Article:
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Tuesday, January 22


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Spring 2019 Frank Islam Athenaeum Symposia Lineup

Need to Know

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New Year, New Password

Guest Lectures

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To Wall or Not to Wall: An Assessment by Professor Naomi Daremblum, Thursday, Jan. 31

MC in the News

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Montgomery College Alum Featured in Diverse: Issues in Higher Education

Professional Development

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Dismantle Office Politics by Being Transparent

In Memoriam

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Passing of George Silvestri, Former MC-Germantown Faculty

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MC's Youngest Students Have Some Winter Fun

Office of Equity & Inclusion

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Civility in the Workplace?

Wellness News

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FUN WORK: Laughter, Play and Humor to Reduce Stress and Solve Problems 2019 Workshops

MC Events

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Indoor Track Open at TP/SS, Mondays and Wednesdays Starting Jan. 28

Arts at MC

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Artist Ira Tattelman to Exhibit Works in Open Gallery Themed Series, Soapbox, Today Through March 1

MC Foundation

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The Power of $5

Dismantle Office Politics by Being Transparent

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Category: Professional Development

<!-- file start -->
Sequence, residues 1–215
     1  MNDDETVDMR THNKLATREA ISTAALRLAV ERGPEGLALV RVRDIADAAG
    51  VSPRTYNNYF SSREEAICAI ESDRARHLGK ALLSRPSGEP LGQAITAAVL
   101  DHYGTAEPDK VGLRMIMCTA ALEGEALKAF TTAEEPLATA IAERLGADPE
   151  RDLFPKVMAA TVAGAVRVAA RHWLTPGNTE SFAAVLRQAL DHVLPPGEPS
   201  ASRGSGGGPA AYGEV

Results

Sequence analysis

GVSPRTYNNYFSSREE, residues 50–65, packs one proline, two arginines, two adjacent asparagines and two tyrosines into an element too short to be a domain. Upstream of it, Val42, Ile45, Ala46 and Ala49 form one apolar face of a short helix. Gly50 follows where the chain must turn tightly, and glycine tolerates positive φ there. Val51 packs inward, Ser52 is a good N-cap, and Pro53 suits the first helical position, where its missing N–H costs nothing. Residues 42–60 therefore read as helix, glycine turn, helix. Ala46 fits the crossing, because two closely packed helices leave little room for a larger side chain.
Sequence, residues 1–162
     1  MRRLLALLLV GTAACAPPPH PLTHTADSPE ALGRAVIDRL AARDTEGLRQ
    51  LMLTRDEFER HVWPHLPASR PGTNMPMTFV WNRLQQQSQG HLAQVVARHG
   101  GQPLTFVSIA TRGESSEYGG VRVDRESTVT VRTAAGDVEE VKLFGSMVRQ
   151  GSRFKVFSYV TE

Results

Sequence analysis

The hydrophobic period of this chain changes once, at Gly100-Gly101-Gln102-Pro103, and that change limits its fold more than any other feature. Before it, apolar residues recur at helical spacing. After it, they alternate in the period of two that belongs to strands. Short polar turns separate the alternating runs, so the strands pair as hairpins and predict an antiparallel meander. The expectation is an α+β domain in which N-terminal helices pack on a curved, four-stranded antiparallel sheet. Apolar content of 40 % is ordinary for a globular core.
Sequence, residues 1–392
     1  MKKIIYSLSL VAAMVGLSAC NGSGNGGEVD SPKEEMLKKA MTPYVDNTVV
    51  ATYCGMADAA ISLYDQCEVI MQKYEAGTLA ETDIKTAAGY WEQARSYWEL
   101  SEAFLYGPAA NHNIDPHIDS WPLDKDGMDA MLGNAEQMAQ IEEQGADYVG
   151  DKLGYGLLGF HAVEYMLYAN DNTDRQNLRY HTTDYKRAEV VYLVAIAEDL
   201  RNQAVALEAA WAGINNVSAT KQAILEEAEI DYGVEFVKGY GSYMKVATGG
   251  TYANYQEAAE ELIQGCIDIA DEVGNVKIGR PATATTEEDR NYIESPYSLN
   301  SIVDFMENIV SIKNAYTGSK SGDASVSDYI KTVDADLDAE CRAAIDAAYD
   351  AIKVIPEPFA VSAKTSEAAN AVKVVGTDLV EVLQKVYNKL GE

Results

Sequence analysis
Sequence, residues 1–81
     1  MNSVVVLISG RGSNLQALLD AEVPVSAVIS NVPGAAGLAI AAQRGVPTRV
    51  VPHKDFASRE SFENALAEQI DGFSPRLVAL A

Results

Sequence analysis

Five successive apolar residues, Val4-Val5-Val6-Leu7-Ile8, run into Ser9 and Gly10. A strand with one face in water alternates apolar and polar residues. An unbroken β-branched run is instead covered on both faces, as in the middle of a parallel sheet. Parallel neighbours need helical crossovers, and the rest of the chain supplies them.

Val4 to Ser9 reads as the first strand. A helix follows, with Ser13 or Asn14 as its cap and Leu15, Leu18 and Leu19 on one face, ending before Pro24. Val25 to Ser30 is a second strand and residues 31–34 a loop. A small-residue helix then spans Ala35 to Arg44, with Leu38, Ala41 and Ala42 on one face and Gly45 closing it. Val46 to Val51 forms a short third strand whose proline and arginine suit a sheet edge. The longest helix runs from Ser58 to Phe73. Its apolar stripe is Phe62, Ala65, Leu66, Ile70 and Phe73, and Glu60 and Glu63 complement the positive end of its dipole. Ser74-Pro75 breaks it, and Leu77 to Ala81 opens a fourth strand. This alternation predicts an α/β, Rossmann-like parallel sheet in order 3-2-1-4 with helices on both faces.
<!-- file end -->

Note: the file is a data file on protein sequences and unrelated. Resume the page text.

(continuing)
Published: Jan 22 2019 12:00AM

Office politics can be toxic, and they thrive on secrecy. If you want to stop the backroom dealing and posturing in your department, commit to being transparent in all of your interactions. Think about the larger motives behind your actions, and consider the message your behavior is conveying. Are you showing people that you care most about your ego, reputation, and position? Or that you're focused on what's best for the department and your colleagues? If you've been acting in a way that you're not proud of, say so, and change your ways. Going forward, be explicit about your intentions -- explain why you're calling a meeting, raising a sensitive issue, or disagreeing with a colleague. Don't force others to read between the lines, which can lead to misinterpretation and gossip. Be open about your motives. You can't expect an organization to operate at a higher moral level than the one you hold yourself to.

Adapted from "Yes, You Can Make Office Politics Less Toxic" by Joseph Grenny. Published by Professional Development--ELITE.

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